LETTERS


| September/October 1962



Hand fed thresher

An 1870 Champion, hand fed, thresher made by the Waterloo Co., and in action at the Steam Threshers Reunion 1959. See Mr. Greenfield's letter.

Clement F. Greenfield

LETTER FROM ZOLLINGER

I have been interested in power farming all of my life. Horses and what they could do in the way of farming never did appeal to me. My father once said that his boys were not happy unless they had a monkey wrench in their hands and were in grease clear to their elbows. They would rather let the horses starve or run in the pature all summer while they did the work with a tractor.

The tractor we used was a 9-18 case (I still have it) and we credit the case with having kept us on the farm and not the horses. There were seven of us and we are all farmers. We each own our own farms.

We bought a large wheat farm in 1927 along with 125 head of horses that went with the place. We sold them, much to the disgust of the neighbors, the next day and bought two tractors. The neighbors promised us we would go broke trying to farm without horses. We went right on with the tractors and before four years was up, there were no horses used for farming in that valley.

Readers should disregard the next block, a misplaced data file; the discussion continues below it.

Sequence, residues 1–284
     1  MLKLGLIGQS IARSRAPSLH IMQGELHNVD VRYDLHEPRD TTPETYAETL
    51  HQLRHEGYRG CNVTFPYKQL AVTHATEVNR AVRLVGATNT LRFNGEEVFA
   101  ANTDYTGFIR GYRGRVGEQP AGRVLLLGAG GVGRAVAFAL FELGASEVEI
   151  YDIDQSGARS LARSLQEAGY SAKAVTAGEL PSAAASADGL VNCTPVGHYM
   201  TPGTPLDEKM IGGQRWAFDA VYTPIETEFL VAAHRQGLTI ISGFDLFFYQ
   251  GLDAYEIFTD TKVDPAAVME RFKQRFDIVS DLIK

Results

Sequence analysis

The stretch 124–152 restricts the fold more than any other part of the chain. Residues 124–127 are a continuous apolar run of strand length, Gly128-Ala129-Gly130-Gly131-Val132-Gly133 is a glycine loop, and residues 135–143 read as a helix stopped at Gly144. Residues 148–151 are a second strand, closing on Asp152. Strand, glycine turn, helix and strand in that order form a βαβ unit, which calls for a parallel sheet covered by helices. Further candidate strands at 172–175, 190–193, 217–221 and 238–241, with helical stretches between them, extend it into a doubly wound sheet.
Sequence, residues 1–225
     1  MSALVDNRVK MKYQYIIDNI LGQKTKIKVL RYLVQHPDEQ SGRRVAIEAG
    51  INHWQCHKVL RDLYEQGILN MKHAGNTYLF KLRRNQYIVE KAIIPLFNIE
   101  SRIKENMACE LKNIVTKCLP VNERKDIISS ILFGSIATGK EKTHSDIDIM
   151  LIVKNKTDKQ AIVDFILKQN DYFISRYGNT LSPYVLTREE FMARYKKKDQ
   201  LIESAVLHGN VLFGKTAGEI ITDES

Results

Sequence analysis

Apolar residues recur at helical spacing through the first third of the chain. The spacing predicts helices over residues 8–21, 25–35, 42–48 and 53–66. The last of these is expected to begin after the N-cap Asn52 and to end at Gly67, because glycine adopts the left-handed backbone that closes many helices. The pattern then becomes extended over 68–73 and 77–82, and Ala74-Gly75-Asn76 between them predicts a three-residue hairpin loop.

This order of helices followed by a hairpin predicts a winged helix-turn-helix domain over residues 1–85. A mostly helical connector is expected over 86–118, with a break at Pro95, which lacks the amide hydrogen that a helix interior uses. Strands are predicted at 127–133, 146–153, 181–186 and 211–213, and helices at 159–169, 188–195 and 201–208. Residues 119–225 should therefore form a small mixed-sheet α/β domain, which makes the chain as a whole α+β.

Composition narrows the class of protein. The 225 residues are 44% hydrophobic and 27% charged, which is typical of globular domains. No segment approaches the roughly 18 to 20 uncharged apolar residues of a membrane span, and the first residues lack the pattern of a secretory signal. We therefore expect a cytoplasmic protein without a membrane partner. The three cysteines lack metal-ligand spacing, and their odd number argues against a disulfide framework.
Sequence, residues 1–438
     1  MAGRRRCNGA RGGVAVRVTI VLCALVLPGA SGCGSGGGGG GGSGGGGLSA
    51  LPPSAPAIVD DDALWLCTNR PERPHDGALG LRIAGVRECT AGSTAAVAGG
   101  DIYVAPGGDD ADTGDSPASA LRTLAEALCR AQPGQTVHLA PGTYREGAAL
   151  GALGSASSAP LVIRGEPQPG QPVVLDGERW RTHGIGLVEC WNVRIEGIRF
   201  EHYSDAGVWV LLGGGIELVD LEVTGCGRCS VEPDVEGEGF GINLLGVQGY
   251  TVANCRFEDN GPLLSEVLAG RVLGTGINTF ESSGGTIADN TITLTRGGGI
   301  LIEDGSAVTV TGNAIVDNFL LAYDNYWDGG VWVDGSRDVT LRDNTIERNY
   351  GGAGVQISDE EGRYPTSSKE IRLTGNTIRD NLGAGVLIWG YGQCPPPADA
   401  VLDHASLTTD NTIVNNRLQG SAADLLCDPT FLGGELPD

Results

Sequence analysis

In 1955, after looking for some time, L. K. Woods of Hendon and I found a 40 horse Case Tandom Compound steam engine. It was just as good as new. It is a 1896 model engine no 13184. I was able to buy it for $225.00. In the shed with it was a wooden Nichols and Shepherd 36-60 Thresher which I purchased. It was also in very good condition. It has a Hart blower and a Maytag feeder. The feeder has a canvass conveyer in it and so does the extension conveyor for the feeder.

At the time the outfit was in its 'hay day' they used a Model T Ford pick-up to do the chasing. I also bought this 1909 model ford.

I am not sure but this my be one of the last complete outfits left. The cook shack is also around.